Enter the 4 reasons every man should compete in a marathon.

I spoke about this briefly before, but during my most intense years of self-development there were a few major things that I knew I had to get to work on:

  • My tolerance level to take on more risk,
  • My tolerance level with discomfort
  • My tolerance level with uncertainty, criticism, and pressure, pressure, pressure

So on Friday, the 26th of January, 2015, I decided to commit to the Virgin London Marathon. In April of the same year. Yep. That gave me only 17 weeks to prepare for what was to become a life-changing journey.

Upon announcing this to my friends, clients and other personal trainers (including my very own coaches), there was a flood of positive support, and it even gave some of my client’s courage and confidence to set ambitious goals themselves. Even more surprising was the number of personal trainers who thought I was crazy and would shout trash like “Ain’t you gonna lose all ya muscle?” and “Isn’t it unhealthy for you? You’ll gain weight! You’ll lose your body!”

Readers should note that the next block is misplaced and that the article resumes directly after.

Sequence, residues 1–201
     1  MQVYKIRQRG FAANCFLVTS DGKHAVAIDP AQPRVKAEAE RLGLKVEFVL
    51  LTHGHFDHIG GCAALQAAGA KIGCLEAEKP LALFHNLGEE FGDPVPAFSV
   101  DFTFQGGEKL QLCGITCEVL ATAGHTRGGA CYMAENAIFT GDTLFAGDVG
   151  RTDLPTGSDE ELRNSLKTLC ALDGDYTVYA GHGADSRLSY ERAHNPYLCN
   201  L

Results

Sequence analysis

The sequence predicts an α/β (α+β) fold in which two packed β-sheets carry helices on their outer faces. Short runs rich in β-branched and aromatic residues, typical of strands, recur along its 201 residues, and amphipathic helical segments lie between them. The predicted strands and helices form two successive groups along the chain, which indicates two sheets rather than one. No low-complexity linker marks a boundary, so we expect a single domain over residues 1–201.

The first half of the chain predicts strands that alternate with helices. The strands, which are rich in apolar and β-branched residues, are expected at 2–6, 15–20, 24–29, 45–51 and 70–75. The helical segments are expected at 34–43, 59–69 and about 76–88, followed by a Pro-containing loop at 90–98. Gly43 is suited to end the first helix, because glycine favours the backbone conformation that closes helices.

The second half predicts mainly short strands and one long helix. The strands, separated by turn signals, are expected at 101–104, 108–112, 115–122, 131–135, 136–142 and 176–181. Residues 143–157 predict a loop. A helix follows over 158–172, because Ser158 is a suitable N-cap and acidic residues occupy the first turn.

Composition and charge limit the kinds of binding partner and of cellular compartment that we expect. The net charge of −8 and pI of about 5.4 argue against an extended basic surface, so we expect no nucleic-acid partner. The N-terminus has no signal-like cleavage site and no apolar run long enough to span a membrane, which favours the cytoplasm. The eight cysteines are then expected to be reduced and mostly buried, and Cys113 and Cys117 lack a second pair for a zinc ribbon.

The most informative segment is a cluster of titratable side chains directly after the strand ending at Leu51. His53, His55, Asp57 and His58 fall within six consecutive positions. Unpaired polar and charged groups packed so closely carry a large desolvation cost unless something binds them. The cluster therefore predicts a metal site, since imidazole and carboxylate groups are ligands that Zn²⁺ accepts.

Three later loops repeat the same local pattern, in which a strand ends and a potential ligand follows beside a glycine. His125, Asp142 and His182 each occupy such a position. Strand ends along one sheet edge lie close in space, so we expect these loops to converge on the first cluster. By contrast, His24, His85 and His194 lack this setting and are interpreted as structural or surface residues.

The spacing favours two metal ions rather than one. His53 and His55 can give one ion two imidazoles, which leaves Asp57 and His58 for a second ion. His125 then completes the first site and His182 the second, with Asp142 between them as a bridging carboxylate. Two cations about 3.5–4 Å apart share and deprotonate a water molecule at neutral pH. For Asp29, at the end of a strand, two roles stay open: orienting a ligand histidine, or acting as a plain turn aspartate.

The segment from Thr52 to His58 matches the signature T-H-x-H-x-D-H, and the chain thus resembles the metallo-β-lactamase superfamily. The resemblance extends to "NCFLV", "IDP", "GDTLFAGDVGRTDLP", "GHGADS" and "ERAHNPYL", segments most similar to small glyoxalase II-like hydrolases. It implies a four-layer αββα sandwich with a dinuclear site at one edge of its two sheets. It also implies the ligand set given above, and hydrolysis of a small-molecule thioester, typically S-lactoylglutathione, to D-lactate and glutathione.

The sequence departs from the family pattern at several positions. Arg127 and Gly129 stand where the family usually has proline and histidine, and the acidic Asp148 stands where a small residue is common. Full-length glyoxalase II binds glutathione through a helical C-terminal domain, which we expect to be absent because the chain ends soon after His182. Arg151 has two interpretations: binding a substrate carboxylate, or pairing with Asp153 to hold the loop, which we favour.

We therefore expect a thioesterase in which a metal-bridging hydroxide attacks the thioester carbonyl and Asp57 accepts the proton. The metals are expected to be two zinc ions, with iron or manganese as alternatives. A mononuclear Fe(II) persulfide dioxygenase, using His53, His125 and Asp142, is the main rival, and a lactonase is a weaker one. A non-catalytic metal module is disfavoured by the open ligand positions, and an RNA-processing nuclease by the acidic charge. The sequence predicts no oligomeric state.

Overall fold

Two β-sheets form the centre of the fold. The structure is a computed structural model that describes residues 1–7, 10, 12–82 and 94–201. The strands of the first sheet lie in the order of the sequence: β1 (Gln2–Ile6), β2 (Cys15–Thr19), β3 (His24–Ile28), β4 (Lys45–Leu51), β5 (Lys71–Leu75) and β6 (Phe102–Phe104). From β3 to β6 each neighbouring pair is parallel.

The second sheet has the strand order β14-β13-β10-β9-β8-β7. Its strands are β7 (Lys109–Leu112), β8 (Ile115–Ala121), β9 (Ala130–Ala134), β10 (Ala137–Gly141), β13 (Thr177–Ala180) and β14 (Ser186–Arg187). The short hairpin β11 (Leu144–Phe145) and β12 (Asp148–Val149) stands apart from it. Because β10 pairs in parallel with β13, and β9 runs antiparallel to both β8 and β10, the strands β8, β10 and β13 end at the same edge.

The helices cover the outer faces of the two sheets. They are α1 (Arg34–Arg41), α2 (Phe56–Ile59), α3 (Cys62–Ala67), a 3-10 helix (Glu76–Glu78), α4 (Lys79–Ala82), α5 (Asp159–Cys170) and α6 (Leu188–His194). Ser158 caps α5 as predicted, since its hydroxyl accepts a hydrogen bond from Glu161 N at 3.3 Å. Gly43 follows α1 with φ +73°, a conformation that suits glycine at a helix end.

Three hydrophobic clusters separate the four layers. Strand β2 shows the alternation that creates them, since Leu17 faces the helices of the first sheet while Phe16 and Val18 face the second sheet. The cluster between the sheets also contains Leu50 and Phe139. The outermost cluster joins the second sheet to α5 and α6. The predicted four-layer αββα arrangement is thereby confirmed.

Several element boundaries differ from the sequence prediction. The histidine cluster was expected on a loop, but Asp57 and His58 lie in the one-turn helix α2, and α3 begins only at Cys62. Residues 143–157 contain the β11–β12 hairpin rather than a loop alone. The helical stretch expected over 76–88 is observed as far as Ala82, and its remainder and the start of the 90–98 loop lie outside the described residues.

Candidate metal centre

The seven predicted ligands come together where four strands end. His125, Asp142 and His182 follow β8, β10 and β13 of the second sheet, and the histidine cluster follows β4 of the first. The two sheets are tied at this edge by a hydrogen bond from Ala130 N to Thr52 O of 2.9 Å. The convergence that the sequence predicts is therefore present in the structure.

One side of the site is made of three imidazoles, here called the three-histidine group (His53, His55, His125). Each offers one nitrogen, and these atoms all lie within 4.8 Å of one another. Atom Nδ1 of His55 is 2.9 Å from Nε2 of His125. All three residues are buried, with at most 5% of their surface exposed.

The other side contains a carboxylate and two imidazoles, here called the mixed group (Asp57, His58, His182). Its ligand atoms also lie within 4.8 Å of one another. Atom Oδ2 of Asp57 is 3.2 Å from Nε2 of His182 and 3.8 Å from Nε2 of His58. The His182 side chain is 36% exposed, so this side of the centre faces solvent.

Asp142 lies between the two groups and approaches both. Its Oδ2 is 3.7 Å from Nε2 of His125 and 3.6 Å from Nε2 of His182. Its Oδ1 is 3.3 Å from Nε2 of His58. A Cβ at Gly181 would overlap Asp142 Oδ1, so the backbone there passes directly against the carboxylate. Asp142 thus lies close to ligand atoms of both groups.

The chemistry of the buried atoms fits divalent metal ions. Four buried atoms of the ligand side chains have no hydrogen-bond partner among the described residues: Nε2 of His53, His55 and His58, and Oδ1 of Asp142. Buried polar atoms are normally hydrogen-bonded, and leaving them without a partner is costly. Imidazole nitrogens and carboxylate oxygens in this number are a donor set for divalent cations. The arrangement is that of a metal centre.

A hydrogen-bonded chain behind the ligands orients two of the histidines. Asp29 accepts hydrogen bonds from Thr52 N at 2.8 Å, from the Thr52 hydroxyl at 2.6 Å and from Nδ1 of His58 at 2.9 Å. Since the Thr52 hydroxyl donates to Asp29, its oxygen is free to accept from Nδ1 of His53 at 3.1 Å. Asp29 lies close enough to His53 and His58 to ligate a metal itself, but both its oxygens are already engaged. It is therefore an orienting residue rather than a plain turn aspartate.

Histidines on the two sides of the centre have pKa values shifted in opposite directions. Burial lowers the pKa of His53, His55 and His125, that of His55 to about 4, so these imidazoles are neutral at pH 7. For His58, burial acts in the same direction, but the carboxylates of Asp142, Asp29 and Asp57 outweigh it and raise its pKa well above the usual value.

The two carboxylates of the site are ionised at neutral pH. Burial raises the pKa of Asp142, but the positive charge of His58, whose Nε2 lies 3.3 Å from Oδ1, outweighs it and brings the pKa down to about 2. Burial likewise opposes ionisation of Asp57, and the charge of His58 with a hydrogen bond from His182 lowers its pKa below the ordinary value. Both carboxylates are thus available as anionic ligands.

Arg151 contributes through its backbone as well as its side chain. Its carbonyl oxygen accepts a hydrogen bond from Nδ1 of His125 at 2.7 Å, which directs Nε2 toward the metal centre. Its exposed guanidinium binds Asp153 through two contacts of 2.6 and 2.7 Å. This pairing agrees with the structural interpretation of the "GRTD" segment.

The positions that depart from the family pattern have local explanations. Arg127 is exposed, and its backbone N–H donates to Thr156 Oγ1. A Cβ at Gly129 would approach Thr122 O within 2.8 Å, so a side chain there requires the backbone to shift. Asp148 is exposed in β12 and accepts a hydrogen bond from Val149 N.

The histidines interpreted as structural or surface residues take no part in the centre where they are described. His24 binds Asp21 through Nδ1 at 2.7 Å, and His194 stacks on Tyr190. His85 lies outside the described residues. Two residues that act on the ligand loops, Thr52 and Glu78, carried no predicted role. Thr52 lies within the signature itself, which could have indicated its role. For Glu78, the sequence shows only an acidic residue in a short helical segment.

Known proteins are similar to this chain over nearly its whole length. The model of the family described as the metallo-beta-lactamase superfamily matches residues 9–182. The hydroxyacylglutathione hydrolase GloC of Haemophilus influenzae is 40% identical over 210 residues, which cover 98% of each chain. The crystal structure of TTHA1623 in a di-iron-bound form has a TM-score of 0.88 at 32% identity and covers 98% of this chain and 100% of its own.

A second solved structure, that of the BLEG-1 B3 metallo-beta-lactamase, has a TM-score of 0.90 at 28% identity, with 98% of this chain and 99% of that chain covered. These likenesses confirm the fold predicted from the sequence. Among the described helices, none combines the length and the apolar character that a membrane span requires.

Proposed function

I get it. I was the same a few years back. If anyone would have asked me my opinion about them running a marathon, I would have replied even sharper. And with some French.

Originally, I thought that their issues were with what I was doing as a choice of exercise, but I’ve since come to the conclusion that they were just as trapped as me inside the four walls of the gym.

They’ve grown accustomed to an environment that offers safety, security and familiarity — all of which keeps them in the same place but unfortunately stagnate.

For every reason someone told me not to do the London Marathon, I can think of hundreds of personal and professional reasons why you should compete in a Marathon Race.

To respect your time, I’ve narrowed it down to five:

1. Comfort Zone